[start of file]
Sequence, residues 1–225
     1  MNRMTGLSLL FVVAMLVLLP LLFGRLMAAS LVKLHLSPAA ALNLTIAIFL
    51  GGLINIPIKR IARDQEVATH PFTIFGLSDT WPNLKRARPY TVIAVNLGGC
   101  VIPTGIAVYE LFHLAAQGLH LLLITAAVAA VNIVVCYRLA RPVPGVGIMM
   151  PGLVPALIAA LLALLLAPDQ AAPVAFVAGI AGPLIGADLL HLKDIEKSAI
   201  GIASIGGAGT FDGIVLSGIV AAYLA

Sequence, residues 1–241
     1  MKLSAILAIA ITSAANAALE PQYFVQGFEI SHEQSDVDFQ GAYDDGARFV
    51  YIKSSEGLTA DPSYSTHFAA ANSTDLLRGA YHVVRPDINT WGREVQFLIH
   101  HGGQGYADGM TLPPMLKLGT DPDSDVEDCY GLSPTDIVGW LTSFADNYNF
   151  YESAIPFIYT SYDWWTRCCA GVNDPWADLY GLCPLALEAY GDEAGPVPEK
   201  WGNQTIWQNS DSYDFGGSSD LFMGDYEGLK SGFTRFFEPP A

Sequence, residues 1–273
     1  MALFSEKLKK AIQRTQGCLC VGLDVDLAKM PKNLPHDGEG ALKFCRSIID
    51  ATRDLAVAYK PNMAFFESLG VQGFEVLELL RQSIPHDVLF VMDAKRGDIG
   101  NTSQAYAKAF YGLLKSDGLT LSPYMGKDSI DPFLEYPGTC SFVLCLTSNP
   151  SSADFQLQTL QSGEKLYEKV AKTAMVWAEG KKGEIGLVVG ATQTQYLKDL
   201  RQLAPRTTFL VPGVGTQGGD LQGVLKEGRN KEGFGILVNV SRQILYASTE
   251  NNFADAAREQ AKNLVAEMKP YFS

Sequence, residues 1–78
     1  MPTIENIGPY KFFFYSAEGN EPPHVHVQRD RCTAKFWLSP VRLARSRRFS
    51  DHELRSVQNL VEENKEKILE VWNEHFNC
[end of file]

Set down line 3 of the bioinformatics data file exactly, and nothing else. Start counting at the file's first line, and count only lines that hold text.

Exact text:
    51  GGLINIPIKR IARDQEVATH PFTIFGLSDT WPNLKRARPY TVIAVNLGGC